- Wed Apr 21, 2021 2:50 pm
Since culture is intimately tied to "activities and social interactions", and these for the most part are experienced almost entirely online, the cultures of new generations must by logical argument exist on the internet. These virtual cultures translate back into the real world; Whereas before, the process used to be the other way around, where the virtual mirrored the real. It is no wonder that the idea of "simulated reality" is popular now. It's because everyone's living through it on a daily basis. Take the gaming community for example. Someone who identifies himself as a "gamer" would surely be familiar with the cultural mannerisms, language, and history of all things related to gaming. He would recall instances of memorable tournaments, conversations, outrages, and all the things that a 20th century equivalent would reminisce about sports, movies and music of his day and age. The similarities are directly comparable in many respects. However the major difference between them is the cultural medium and the flipping of polarity of interest. The skills and popularity in the virtual world are valued over that of the skills and popularity in the physical. In such a world view, reality might as well be simulated because the culture is experienced entirely through pixels on a screen rather than being a representation or an abstraction of something that happens in the physical setting. Hence a gamer is the 21st century equivalent of a 20th century sports fan albeit trying to shoe-horn it into the sports mold by the sports people is likely the wrong way to go about embracing it. In order for it be successful, my personal hunch is that the gaming world should move towards being more in the virtual and less in the physical. Let the competitions and related entertainment be entirely virtualized and remove themselves from associating with physical and real-world aspects. Entire economies and social structures can theoretically exist in such a framework, and this may be preferred by the gamers themselves (second life, minecraft, fortnite, pokemon go, mmos etc.).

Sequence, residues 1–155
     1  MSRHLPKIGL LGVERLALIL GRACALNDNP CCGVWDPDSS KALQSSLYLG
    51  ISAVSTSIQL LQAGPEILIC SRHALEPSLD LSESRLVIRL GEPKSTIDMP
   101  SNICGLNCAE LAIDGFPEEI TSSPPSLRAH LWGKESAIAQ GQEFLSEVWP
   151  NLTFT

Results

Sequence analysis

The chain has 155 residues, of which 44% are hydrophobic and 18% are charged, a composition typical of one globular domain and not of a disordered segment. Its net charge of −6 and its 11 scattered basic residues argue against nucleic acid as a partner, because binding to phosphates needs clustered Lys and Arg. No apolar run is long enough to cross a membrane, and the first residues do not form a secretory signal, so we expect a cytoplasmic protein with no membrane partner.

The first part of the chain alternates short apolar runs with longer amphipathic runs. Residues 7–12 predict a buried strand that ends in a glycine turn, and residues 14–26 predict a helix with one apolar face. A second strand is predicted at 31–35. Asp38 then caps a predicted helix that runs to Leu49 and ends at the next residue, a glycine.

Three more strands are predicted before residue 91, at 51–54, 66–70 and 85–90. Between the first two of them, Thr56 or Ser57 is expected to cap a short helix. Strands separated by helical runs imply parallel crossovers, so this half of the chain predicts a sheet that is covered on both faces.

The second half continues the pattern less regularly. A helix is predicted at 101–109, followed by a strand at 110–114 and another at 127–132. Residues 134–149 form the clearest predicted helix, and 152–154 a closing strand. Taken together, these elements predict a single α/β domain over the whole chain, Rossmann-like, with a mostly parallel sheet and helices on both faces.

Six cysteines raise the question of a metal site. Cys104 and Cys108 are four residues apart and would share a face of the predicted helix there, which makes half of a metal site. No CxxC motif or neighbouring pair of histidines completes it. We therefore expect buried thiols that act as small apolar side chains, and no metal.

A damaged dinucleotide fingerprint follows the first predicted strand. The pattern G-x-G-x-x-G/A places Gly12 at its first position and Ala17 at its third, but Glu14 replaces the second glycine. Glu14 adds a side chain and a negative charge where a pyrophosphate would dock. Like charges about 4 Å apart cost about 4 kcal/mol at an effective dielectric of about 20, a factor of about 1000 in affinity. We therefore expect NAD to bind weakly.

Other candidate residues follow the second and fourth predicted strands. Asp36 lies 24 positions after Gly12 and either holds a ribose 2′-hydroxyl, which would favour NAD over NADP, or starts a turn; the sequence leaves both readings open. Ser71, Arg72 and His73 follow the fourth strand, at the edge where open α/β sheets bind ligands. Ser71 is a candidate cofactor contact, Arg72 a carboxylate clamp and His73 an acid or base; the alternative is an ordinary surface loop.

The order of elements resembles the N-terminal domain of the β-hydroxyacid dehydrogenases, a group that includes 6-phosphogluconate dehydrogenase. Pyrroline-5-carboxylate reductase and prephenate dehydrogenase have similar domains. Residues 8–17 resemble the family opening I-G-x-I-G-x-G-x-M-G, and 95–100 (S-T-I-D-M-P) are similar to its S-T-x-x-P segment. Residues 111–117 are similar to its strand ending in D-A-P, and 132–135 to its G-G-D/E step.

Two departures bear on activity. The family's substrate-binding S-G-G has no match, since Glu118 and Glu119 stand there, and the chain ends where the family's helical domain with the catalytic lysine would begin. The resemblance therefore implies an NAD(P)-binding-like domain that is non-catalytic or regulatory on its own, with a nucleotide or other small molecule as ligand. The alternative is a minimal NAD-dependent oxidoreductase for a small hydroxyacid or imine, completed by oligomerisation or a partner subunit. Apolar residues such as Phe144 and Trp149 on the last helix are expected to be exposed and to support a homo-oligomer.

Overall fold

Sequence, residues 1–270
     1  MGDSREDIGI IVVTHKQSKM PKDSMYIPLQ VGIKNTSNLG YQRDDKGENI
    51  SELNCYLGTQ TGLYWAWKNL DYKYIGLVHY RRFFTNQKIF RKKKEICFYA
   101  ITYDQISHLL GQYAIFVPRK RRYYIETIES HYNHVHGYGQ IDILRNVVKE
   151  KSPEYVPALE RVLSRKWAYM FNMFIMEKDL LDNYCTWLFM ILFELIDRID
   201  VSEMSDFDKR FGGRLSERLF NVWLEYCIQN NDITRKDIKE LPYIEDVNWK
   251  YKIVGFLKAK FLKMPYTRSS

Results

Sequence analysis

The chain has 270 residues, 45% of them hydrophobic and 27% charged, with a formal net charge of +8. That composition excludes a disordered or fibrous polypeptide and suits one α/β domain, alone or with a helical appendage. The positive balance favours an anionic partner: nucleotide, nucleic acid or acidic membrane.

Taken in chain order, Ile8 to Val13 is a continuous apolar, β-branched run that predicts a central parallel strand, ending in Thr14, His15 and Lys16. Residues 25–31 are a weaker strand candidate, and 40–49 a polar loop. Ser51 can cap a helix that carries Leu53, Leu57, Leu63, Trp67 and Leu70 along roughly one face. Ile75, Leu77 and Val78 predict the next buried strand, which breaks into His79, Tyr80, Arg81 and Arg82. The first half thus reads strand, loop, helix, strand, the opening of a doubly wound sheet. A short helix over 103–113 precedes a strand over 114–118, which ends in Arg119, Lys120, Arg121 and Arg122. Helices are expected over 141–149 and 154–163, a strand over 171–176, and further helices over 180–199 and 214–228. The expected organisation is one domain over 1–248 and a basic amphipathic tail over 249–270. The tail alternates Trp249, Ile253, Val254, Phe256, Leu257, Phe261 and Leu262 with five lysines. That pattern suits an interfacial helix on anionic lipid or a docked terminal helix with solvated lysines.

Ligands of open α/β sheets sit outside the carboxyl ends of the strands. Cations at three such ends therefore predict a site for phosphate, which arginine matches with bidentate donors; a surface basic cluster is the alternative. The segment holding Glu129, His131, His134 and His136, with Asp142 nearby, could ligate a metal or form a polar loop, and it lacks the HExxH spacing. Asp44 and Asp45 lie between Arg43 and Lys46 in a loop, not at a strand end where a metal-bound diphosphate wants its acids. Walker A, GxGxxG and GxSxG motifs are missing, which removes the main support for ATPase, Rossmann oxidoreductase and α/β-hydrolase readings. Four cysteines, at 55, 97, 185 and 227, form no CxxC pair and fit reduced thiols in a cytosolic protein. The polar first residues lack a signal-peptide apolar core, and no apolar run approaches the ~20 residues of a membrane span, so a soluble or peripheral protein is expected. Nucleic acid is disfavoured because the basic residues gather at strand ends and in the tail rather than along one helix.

Another community of interest is the "influencers" and "followers", or if we were to employ a portmanteau, the "inflowers"; Those who prodigiously submit, subscribe, and follow various trends and interests online. This is something that most people with social media accounts actively engage in (to varying degrees). While not as obviously focused on virtual simulations as the gamers, the inflowers are captivated by their hand-held devices, almost constantly consuming, posting, reposting, opining, up/down voting, tweeting, loling, and in general interacting with virtual entities with impressive agility and focus. This is a different type of socialization to what humanity has experienced at least in the last 5000 years of recorded history. The previous 500 years certainly did change much from the preceding centuries, and the advancements made in the 20th century brought even more drastic social rearrangements, but the inflowers are a different breed altogether and the world they inhabit is just as alien to the traditional man. On the far end of the spectrum on the influencer side, this type of socialite is a borderline megalomaniac and an exhibitionist, who derives immense pleasures from his virtual popularity but also dreads in fear of losing it. On the other end of the spectrum on the follower side, the perpetual consumer is an addict and a creature of a time-absorbing habit, unable to draw himself away from that next click, or swipe, or that next endorphin-enducing comment thrown into a sea of judgmental peers. The similarities with TV personalities of the 20th century and their dedicated audiences are well apparent in this model. The major difference however is that an inflower frequently takes on the roles of both, as any contribution made by a follower can theoretically transition that person to an influencer. The inflowers also consume and produce much faster, the rate of information exchange is "viral" as they say, and the half-life of the content is much shorter. Their popularity is also short lived as vying for the attention of desensitized people who have instant access to entertainment of the entire world and its 5000 years of accumulated contributions takes a lot of patience and luck. "Click-baiting" is naturally an obvious strategy in improving the odds and ad-driven monetization is rampant in this world. Neither of these are liked by most people but are tolerated as necessary evils.